Friday, February 3, 2012
Connections are the new Content
In my first year at my school I ran a series of techie breakies. I introduced tools that I thought would help our teachers to become more connected such as Twitter and Blogger and Google Reader, tools such as Dropbox, Evernote, Delicious and Diigo so they could organize what they found and connect with others who also found it useful. In retrospect I would say this was years ahead of where our teachers were at that time and probably not very useful to them right away (though some of them have since jumped on board and stared to build their own networks). While I wanted the professional development to focus on the communities that they could build up as a result of their connections, the teachers were more focused on the tools that they could use with their students, on adding the technology to what they were already doing. I'd come from a school that had already shifted in its pedagogy, so that students were creating wikis with other students around the world, learning with and from each other, and our learning portal which four years earlier was just a simple transfer of the analogue curriculum into a digital format had transformed itself into a dynamic place where students and teachers connected. When I look back now I can see that I went into a real dip when I arrived at my current school because for the longest time I saw myself as a failure because I couldn't make that shift happen here. I couldn't even make anyone aware of the fact that the shift needed to happen!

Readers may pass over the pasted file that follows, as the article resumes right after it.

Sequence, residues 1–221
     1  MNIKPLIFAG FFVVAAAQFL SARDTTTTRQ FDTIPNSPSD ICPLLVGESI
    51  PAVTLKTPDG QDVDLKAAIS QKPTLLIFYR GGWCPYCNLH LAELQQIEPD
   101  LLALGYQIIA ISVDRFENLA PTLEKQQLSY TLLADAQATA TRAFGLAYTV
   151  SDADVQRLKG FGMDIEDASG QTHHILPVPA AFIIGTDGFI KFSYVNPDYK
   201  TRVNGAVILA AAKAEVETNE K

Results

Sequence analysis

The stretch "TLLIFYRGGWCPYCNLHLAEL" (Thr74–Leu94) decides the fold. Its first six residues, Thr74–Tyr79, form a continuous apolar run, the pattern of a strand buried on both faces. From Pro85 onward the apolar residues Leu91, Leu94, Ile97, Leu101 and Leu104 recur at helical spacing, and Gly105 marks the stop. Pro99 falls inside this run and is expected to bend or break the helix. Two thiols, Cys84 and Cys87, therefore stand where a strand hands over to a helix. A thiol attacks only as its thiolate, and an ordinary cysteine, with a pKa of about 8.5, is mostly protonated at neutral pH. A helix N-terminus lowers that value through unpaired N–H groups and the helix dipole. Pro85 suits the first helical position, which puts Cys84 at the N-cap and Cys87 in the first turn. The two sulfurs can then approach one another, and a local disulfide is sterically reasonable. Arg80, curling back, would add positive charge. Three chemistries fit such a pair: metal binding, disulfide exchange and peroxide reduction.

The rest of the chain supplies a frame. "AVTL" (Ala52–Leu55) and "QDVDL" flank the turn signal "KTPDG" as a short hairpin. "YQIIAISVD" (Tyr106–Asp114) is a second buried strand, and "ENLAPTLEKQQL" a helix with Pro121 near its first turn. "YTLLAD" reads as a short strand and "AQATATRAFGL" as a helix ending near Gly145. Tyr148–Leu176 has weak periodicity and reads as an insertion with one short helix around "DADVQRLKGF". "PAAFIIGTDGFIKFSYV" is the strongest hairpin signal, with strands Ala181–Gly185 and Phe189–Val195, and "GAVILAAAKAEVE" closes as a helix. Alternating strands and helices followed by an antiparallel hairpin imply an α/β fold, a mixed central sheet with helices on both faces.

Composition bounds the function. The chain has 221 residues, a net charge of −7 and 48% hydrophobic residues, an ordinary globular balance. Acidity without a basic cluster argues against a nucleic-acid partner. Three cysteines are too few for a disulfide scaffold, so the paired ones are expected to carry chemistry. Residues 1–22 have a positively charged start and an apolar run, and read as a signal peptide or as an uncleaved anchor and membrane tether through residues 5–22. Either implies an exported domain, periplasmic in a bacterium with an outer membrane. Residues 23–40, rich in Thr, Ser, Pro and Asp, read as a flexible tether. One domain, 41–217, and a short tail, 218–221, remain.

And so I started to blog. Since I've now published my blog into two books I realize just how much content it contains, but the power of the blog for me still remains the fact that I have connected with over a hundred thousand people. With Twitter I find a lot of useful content being shared too, but again the power is the personal side of it. The connections are more important than the content. The connections are what lift my teaching to a new level. The connections are what led to me being able to virtually "attend" conferences online, even when I wasn't allowed to attend them in person. They made it possible for me to find out about and then attend the Google Teacher Academy in London a year and a half ago. The connections since then through the GCT community have made me re-envision my future and have supported me as I looked for a new place to work. The connections are what led me to new job possibilities and people that I want to work with. The connections have fundamentally changed me and what I do.
Image: The Networked Teacher Diagram from Alec Couros
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Great point. Sometimes there's just so much content, that it's only through our connections that we make sense of it.ReplyDelete
Great post thanks.